In the latest youtube episode of Bangkok Fatty, I change out of my volunteer clothes and get ready to experience phenomenal Cantonese dining at Mei Jiang in Bangkok’s Peninsula Hotel. There San Pellegrino hosted the December session of their Fine Dining Lovers Series which aims to bring expert chefs from around the region to Bangkok. The invite was to attend a masterclass with Chef Tam Kwok Fung, the two Michelin starred chef from the Jade Dragon restaurant in City of Dreams, Macau.
Chef Tam is not stranger to Bangkok, he’s the original chef from Mei Jiang when the restaurant opened it’s doors nearly two decades ago. The homecoming saw the chef preparing a few special dinners and at the restaurant, but first he entertained press and bloggers with samples dishes from the exclusive events. In the video I followed the chef into the Mei Jiang kitchen and watched him show off his mastery at Chinese (specifically Cantonese) wok style ingredients, using an impressive ingredient list featuring high quality meat and produce from around the world.
His first dish saw abalone thrown in the walk very briefly, and plied into Chef Tam’s special XO sauce. The garnish on this dish was an ornate rice cracker, adding texture to the dish which disappeared all too quickly.
The second of the two dishes is what impressed me most. This when Chef Tam brought giant chunks of beef cheek and talked about how he never like the cut. The meat he was using is Australian wagyu and he cut a cross section, pointing with his knife at the layer of fat at the center.
“The vein of fat makes this cut very special.” he explained.
He quickly seared the meat stepping on foot pedals to quickly ignite his woks. Afterwards he prepared a port wine sauce, using the remaining port wine to serve a sweet shot to each of the onlookers. The hot sauce was poured into a clay pot containing the beef and let to sit, where if undisturbed the juices would continue to slowly cook the meat. This clay pot technique is almost the ancient equivalent of today’s sous vide machines because the end result is a braised, juicy meat with all the slight sweetness and character of the port.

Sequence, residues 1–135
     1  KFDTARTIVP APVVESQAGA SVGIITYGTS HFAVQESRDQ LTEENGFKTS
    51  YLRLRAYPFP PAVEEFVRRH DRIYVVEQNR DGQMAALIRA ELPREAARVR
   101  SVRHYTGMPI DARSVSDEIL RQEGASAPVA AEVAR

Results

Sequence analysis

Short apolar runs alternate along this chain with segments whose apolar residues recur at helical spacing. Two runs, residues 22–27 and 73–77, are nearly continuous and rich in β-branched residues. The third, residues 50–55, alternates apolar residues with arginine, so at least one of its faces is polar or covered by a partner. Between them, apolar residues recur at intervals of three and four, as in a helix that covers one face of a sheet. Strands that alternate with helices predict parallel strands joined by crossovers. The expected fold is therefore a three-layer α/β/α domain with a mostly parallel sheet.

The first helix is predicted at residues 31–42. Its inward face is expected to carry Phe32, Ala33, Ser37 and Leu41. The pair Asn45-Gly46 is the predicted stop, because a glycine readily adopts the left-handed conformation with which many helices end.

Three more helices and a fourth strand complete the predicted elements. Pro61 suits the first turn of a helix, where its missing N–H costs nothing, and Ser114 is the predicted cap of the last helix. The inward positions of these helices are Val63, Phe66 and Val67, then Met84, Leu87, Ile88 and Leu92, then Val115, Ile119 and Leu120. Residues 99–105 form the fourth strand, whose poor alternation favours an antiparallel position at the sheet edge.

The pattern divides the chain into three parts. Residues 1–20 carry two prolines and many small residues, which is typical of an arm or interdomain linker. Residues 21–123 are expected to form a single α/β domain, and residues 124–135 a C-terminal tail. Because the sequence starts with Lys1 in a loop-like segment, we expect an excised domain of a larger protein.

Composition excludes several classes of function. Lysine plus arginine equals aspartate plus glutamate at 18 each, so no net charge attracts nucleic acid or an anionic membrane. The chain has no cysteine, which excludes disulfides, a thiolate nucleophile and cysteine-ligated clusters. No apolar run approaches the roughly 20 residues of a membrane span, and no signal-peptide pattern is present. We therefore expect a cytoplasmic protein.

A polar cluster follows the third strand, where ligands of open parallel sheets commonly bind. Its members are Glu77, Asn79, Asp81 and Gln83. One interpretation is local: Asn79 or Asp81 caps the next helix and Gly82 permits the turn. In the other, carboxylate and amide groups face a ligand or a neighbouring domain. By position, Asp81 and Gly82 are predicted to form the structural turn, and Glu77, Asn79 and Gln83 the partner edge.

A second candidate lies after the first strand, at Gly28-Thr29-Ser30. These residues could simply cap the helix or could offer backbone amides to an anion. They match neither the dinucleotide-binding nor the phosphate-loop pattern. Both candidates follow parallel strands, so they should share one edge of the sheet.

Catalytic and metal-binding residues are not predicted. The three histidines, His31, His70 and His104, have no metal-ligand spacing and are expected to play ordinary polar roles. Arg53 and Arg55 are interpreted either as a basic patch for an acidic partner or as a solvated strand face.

After the demonstration there was a tea ceremony. This is where a performer elegantly pours tea to music, an entertaining way to explain the quality of the tea and importance of the process— although a tad cheesy. It may have been better to start with this performance, because Chef Tam is a pretty tough act to follow.
Overall this was a fun event and they didn’t tell us in advance we’d have a chance to be in the kitchen with the chef. I actually preferred standing in the hot kitchen watching him work, and chatting about his food philosophy, to attending a stuffy multi-course dinner. The food was excellent and it made me all the more excited for a chance to one day visit Chef Tam’s two Michelin starred restaurant Jade Dragon in Macau one day.
P.S. Mei Jiang is well known for their dim sum. You can find their contact details below.
Mei Jiang at The Peninsula Bangkok Hotel Location & Hours
Check room rates: The Peninsula Bangkok Hotel
Genre: Chinese (Cantonese Cuisine), Dim Sum
Address: 333 Charoennakorn Road, Klongsan, Bangkok 10600, Thailand
Directions: Jump off the skytrain at the Saphan Thaksin BTS Station and grab a boat to the hotel from the Saphan Taksin pier.
Phone Number: 02 626 1849
Hours: 11:30am – 2:30pm and 6pm to 10:30pm, Daily